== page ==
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   Chapter 23 A SUMMER IDYLL

The Hermit of Far End By Margaret Pedler Characters: 10460

Updated: 2017-11-29 00:04


The summer, of all seasons of the year, is very surely the perfect time for lovers, and to Sara the days that followed immediately upon her engagement to Garth Trent were days of unalloyed happiness.

These were wonderful hours which they passed together, strolling through the summer-foliaged woods, or lazing on the sun-baked sands, or, perhaps, roaming the range of undulating cliffs that stretched away to the west from the headland where Far End stood guard.

During those hours of intimate companionship, Sara began to learn the hidden deeps of Garth's nature, discovering the almost romantic delicacy of thought that underlay his harsh exterior.

"You're more than half a poet, my Garth!" she told him one day.

"A transcendental fool, in other words," he amended, smiling. "Well"-looking at her oddly-"perhaps you're right. But it's too late to improve me any. As the twig is bent, so the tree grows, you know."

"I don't want to improve you," Sara assured him promptly. "I shouldn't like you to be in the least bit different from what you are. It wouldn't be my Garth, then, at all."

So they would sit together and talk the foolish, charming nonsense that all lovers have talked since the days of Adam and Eve, whilst from above, the sun shone down and blessed them, and the waves, lapping peacefully on the shore, murmured an obbligato to their love-making.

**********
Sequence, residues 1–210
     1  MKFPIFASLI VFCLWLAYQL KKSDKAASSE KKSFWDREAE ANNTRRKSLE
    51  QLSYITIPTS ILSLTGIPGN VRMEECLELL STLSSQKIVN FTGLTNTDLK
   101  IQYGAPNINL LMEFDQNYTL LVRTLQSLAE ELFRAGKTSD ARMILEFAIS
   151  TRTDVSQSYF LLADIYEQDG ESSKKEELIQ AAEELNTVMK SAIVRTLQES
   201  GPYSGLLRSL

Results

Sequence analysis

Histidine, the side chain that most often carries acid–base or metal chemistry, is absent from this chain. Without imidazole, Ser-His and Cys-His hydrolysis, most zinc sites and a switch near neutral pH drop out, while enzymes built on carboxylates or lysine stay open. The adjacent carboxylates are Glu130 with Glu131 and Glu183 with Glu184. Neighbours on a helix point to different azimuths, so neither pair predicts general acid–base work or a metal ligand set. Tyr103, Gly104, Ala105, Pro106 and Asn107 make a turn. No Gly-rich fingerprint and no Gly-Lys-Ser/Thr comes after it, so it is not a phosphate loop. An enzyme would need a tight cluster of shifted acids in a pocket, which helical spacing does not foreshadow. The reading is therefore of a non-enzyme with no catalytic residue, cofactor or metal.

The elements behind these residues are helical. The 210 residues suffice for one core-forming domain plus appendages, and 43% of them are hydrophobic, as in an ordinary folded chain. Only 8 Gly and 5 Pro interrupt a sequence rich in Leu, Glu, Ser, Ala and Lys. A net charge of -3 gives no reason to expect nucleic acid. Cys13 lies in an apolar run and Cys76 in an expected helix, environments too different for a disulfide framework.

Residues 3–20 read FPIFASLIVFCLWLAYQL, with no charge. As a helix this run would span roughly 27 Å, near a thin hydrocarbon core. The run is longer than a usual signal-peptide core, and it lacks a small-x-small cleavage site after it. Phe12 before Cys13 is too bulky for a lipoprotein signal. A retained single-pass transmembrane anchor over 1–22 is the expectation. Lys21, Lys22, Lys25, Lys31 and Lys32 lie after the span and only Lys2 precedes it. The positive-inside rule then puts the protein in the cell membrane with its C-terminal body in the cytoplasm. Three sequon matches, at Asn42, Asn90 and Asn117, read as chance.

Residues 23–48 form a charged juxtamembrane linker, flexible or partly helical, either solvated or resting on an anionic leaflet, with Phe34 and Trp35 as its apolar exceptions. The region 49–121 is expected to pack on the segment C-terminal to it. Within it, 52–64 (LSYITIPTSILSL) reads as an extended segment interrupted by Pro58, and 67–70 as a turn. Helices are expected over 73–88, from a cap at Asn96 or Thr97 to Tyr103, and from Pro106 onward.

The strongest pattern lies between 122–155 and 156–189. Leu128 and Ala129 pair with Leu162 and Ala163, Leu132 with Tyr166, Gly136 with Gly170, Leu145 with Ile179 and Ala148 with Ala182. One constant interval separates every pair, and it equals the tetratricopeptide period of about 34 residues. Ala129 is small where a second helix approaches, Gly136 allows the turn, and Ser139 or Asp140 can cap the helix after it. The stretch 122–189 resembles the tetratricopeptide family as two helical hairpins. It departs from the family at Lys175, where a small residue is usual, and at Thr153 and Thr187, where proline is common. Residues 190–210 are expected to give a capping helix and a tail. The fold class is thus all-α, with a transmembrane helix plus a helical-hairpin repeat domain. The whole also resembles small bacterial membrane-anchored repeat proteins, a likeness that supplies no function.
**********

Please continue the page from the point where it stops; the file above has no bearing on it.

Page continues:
Looking backward, in the bitter months that followed when her individual happiness had been caught away from her in a whirlwind of calamity, and when the whole world was reeling under the red storm of war, Sara could always remember the utter, satisfying peace of those golden days of early July-an innocent, unthinking peace that neither she nor the world would ever quite regain. Afterwards, memory would always have her scarred and bitter place at the back of things.

Sara found no hardship now in receiving the congratulations of her friends-and they fell about her like rain-while in the long, intimate talks she had with Garth the fact that he would never speak of the past weighed with her not at all. She guessed that long ago he had been guilty of some mad, boyish escapade which, with his exaggerated sense of honour and the delicate idealism that she had learned to know as an intrinsic part of his temperamental make-up, he had magnified into a cardinal sin. And she was content to leave it at that and to accept the present, gathering up with both hands the happiness it held.

She had written to Elisabeth, telling her of her engagement, and, to her surprise, had received the most charming and friendly letter in return.

"Of course," wrote Elisabeth in her impulsive, flowing hand with its heavy dashes and fly-away dots, "we cannot but wish that it had been otherwise-that you could have learned to care for Tim-but you know better than any one of us where your happiness lies, and you are right to take it. And never think, Sara, that this is going to make any difference to our friendship. I could read between the lines of your letter that you had some such foolish thought in your mind. So little do I mean this to make any break between us that-as I can quite realize it would be too much to ask that you should come to us at Barrow just now-I propose coming down to Monkshaven. I want to meet the lucky individual who has won my Sara. I have not been too well lately-the heat has tried me-and Geoffrey is anxious that I should go away to the sea for a little. So that all things seem to point to my coming to Monkshaven. Does your primitive little village boast a hotel? Or, if not, can you engage some decent rooms for me?"